Ross Rubin (@rossrubin) contributes Switched On, a column about consumer technology.
Google's incursions into software -- particularly in strategic markets for Microsoft, are like an Earth-bound asteroid. Observers see it coming for a long time, and fear its impact will be devastating when it finally arrives. So far, though, Google's major software forays have been anything but cataclysmic, and Microsoft hasn't even had to send Bruce Willis into space to stop them.
On one hand -- as I discussed in a recent Switched On column that argued why Android was not the right choice for netbooks -- the mobile operating system continues to have a lot of potential to reshape the smartphone OS competitive landscape. On the other hand, while Chrome is a fine browser, Microsoft, Apple and Mozilla all have their counterparts, and certainly Firefox and Safari at least give Google's browser a run for its money in terms of speed, privacy and user interface. Chrome's impact has been blunted because the PC is already an open platform.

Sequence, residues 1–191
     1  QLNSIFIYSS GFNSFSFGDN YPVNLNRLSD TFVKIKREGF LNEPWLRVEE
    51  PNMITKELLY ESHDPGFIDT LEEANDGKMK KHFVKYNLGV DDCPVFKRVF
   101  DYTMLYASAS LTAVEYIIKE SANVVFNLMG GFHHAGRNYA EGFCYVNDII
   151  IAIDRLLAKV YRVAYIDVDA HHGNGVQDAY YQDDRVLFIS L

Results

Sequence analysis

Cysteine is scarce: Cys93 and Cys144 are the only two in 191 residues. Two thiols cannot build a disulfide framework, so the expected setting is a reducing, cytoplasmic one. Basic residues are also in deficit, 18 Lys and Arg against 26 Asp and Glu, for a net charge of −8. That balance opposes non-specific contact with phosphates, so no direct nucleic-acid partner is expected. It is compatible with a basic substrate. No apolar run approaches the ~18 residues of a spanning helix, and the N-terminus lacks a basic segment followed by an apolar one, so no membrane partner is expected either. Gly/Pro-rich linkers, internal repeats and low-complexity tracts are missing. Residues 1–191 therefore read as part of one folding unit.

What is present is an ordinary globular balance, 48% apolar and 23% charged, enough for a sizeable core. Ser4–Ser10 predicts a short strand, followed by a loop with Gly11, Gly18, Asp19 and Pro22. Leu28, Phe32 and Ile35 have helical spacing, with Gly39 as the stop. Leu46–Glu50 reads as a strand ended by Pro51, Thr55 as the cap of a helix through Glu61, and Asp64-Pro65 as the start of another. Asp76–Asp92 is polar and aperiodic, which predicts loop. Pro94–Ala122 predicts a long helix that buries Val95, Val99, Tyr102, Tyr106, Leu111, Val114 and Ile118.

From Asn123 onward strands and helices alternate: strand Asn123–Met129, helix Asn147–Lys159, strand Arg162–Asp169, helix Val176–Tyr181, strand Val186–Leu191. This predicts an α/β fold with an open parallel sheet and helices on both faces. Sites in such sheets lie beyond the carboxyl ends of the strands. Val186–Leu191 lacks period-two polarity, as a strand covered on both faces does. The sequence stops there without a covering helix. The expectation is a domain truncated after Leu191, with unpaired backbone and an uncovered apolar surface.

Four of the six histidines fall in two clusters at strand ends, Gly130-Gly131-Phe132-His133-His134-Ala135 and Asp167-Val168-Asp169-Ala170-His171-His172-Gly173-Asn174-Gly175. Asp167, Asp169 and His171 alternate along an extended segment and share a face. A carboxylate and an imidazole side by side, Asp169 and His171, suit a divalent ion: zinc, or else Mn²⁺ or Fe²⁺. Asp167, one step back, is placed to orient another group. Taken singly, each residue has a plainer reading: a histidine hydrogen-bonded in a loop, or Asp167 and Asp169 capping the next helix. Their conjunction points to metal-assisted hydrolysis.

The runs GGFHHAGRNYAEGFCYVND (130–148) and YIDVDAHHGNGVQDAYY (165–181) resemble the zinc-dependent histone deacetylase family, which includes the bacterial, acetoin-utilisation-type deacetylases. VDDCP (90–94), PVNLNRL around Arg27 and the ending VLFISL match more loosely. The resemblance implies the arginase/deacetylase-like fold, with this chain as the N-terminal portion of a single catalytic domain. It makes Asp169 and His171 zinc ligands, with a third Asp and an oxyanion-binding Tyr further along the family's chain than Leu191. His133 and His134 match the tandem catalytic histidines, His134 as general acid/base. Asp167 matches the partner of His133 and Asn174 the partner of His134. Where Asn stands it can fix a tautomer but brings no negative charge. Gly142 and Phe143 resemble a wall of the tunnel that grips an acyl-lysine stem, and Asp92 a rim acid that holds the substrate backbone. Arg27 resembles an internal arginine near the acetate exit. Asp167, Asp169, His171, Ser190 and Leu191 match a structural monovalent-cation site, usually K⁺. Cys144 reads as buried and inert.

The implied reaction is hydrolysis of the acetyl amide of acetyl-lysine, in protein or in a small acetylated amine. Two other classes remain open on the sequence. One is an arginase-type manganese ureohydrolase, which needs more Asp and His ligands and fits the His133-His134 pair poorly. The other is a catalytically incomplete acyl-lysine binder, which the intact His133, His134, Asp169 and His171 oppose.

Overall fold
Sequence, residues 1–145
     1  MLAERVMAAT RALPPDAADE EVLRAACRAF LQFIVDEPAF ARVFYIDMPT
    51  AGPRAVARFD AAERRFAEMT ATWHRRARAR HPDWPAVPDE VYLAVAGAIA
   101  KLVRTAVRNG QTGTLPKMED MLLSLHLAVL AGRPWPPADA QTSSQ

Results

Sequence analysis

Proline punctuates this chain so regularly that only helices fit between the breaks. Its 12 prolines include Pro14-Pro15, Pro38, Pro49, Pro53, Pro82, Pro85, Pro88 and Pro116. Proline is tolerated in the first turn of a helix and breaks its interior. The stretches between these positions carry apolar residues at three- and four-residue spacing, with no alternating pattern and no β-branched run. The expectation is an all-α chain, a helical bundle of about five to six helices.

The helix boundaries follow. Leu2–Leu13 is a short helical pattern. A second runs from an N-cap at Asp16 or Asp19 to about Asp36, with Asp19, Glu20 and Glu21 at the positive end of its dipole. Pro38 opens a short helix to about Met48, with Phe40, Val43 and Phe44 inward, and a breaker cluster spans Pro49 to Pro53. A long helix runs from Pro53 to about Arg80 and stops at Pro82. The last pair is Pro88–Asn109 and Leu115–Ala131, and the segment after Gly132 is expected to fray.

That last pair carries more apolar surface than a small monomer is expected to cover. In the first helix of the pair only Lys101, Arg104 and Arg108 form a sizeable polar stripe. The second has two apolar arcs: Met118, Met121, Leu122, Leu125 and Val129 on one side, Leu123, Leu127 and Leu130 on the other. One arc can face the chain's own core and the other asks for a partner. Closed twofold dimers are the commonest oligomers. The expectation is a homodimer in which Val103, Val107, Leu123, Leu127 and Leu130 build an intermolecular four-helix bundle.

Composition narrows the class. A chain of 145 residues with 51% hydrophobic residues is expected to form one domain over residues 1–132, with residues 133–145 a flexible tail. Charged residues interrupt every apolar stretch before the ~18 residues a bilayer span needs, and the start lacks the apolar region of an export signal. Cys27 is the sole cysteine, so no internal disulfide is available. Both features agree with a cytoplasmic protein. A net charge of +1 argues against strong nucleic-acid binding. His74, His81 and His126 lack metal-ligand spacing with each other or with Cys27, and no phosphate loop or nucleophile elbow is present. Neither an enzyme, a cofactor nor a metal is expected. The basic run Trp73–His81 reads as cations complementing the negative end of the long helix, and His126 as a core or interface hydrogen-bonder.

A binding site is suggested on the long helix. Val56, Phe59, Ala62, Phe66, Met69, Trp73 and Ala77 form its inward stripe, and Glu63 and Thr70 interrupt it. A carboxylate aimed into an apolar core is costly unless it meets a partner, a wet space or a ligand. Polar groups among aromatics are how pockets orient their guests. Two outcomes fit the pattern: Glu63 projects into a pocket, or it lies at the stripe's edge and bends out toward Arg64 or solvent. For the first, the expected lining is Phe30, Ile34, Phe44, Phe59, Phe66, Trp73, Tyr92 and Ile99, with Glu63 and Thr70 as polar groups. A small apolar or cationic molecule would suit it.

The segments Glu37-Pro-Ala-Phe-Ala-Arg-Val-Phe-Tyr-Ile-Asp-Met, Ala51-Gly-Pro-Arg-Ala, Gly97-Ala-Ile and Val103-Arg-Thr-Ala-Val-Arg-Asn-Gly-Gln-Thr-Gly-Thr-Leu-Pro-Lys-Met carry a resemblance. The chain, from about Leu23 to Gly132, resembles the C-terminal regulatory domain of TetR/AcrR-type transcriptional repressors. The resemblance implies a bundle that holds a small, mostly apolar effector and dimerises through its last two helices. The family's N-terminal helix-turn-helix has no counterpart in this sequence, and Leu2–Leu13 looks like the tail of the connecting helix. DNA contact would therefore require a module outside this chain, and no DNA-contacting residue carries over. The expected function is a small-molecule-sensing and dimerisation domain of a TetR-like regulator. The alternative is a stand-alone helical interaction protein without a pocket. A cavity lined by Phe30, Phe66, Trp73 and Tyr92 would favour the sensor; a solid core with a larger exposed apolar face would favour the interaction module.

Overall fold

Enter Chrome OS, which will be available on ARM and Intel processors. For the high-volume Intel PC market, Chrome OS will have to take on Windows, but Chrome OS is very different than other Windows competitors such as the Mac OS, Ubuntu or the OS/2 of yore, in that Google does not seem focused on creating platform-exclusive applications. In some ways, Chrome is more of a competitor to Silverlight than to Windows, as Silverlight is Microsoft's cross-platform application foundation. Of course, Windows is Microsoft's home field, and Chrome OS will be Google's.